Published in the Rains County Leader on June 11, 2019:
It’s been a long time since I went to summer camp, but maybe not as long as you think. David and I were counselors at Royal Family Kids Camp in 2013. As you might guess from the name, this camp is a very special camp for some very special kids.
All the children who attend RFKC are in the foster care system, most have been abused in some way, and all of them are at risk. I saw a lot of statistics in my pre-camp training, and although I don’t remember all of them, two stick out in my mind – 50% of girls in foster care will be pregnant by age 19, and 74% of people in prison have been in the foster system at some point in their lives. Our Father’s Children, the parent organization of RFKC, sponsors camps all over the country with the goal of providing a safe, fun place where they can create life-changing moments for these campers.
My previous camping experience was life-changing for me. I spent five days and four nights as the counselor for two eleven-year-old girls. I ate, slept, swam, played, danced, sang, prayed, and learned with these girls – and when the week was over, I cried with them. When I got home, I wrote over a dozen blog posts about my experience, and I still cry when I read them. I wrote a novel about a foster child and what can happen to these vulnerable little ones. In addition, I continue to look for opportunities to make a difference in the lives of children.
I don’t expect my experience to be quite as intense this time – I’m going as a scribe instead of a counselor. My job description is a little vague. Basically, I wander around the camp, talk to people, and write stories to be shared on the organization’s website and newsletter. I also make note of any specific prayer requests and send these to the online prayer team that is providing spiritual support for the campers, counselors, and staff.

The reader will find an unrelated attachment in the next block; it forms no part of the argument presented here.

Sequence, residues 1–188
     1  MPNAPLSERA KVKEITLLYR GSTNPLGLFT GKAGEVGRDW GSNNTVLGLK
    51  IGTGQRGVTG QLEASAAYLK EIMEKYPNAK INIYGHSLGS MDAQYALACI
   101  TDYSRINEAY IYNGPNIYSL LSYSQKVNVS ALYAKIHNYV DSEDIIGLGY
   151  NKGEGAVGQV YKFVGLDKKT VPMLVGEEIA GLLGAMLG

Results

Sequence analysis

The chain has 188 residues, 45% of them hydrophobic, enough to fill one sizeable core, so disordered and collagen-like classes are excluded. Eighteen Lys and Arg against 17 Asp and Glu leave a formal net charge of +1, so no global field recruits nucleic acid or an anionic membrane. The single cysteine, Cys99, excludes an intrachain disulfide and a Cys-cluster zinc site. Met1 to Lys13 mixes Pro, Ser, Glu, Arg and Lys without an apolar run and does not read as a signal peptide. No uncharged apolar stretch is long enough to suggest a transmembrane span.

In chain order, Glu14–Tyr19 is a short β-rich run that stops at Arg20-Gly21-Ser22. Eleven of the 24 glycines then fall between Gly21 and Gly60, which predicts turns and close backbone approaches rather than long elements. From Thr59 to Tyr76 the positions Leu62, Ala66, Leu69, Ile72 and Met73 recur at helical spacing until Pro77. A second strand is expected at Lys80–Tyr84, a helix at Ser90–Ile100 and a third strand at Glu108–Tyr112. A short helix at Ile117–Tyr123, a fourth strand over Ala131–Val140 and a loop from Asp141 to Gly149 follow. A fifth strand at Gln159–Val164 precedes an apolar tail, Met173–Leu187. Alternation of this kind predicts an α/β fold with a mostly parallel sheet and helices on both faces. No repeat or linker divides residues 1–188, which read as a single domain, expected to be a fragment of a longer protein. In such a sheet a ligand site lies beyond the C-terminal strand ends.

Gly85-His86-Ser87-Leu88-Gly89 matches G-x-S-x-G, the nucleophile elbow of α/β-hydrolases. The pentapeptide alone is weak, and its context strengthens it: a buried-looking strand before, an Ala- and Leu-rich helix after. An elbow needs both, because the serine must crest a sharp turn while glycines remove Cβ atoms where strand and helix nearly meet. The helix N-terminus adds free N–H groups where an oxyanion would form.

In 2013, I participated in all the activities with my girls – until I broke my ankle, that is.
After surviving some death-defying feats, including a ride on a zip line that ended with a drop into the swimming pond, I slipped awkwardly off a three-inch curb. Everyone thought I had simply sprained my ankle, so I hobbled through the last half of camp with the help of pain killers, ice packs, and sympathy. It wasn’t until the following week that I found out I had a spiral fracture of the tibia.
This time I definitely plan to be a spectator. One of the questions on the registration form was if I had any conditions that would prevent me from participating in any activities. My answer was, “Yes. I’m too old to run and jump with the kids, and I have too much cellulite to wear a swimsuit.” I guess they were desperate for volunteers because they accepted me anyway.
Still, I expect to be moved. I will laugh at their antics in the pool and as they run from one activity to another; I’ll admire their handcrafted pillowcases, keychains, and scribble art; I’ll cheer for their talent show performances; I will get teary-eyed when the girls dress up in their formal dresses for the Royal Tea Party – and I will cry when the week is over.
About five weeks after my last RFKC experience, I wrote one final blog about it. Here’s how I ended that article:
I will forever have an identifying mark on the fibula of my right ankle as a reminder of my clumsiness, but more importantly, I will forever have a mark on my heart reminding me that just maybe a week can make a difference. It made a difference to me.
This time I hope to come home unmarked physically, but I have no doubt that I will come home with another mark on my heart.